Cory Dunn entered the Kalamazoo Wings locker room one day last week and stopped in his tracks when he saw Jake Kielly sitting near a locker stall.
"I had to do a double-take when I walked in and saw his face," Dunn said. "I'm glad he's here. It's great to see some familiar faces."
Kielly's isn't the only face Dunn recognized upon his arrival in Kalamazoo this fall.
The ECHL hockey franchise in southwestern Michigan has become a meeting ground for former Austin Bruins players.
Dunn, Kielly and Brennan Sanford all played for the Bruins in the mid-2010s when the franchise made back-to-back appearances in the North American Hockey League's championship series, the Robertson Cup.
They're all in camp with the Wings, who open their regular season on Saturday.
"We've hung out a bit here and told a lot of stories from those (Austin) days," said Sanford, who was Dunn's roommate in Austin before moving on to Cedar Rapids of the USHL, then a four-year college career at Michigan State. "The overall experience with the Bruins ... it was such a tight-knit group. We all hung out together a lot. The fans were great, the atmosphere was great."
One of the first faces to greet the former Bruins upon their arrival in Kalamazoo was also a familiar one -- former Bruins play-by-play broadcaster John Peterson is in his first year as the radio voice of the Wings.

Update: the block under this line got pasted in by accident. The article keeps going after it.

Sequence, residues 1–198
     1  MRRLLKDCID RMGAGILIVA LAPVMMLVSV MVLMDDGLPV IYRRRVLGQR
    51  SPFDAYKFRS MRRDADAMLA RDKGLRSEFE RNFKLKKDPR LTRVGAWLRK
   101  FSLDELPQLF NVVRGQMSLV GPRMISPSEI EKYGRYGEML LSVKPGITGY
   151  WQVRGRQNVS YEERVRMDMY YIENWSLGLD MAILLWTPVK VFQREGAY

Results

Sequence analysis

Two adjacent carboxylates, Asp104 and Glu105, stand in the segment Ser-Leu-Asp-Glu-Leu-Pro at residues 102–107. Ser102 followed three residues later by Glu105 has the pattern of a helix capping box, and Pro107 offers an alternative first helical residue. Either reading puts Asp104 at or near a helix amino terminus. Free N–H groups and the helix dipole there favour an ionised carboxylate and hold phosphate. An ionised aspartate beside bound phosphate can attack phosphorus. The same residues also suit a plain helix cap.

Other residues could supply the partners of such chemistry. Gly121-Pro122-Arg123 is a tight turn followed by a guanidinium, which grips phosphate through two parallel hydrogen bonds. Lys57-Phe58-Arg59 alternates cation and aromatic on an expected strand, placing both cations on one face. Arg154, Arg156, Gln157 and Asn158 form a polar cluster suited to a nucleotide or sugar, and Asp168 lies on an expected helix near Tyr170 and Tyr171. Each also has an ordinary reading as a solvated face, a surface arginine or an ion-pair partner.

Peterson called Bruins games from 2013-15, including the 2015 Robertson Cup Finals, which featured the longest game in NAHL history, a four-overtime game against the Minnesota Wilderness at Riverside Arena in Austin.
"We were really fortunate to experience that together," said the 31-year-old Peterson, a Stillwater native. "The respect everyone had for each other, the players, the staff, coach (Chris) Tok and (Jamie) Huffman...
"You get that a little at the pro level, but it's pretty rare to have a team that is as close as those teams that went to the finals."
A SUCCESS STORY
Sanford played four seasons of Division I college hockey.
Kielly played three seasons at Division I Clarkson University, then was one of college hockey's most sought-after free agents, before signing with the Vancouver Canucks last spring.
Peterson is entering his fifth season of broadcasting professional hockey.
But Dunn, 25, who spent two seasons in Austin, may be the biggest success story the franchise has seen in its 10 years.
Listed at 5-feet-9, 150 pounds during his Bruins days, Austin's coaching staff debated throughout training camp in the fall of 2013 whether Dunn could play consistently well at the NAHL level. He was nearly cut at the end of training camp.
"I was more confident going into camp my first year in Austin than I should have been. I realized how much I didn't know," Dunn said with a chuckle. "I was scratched for 14 games, but I'd go in every Monday and ask the coaches what I needed to do better.
"I put my nose down and kept grinding. Hard work and persevering helped me get through. I think the coaches maybe knew how good I could be, it just took me time to adjust."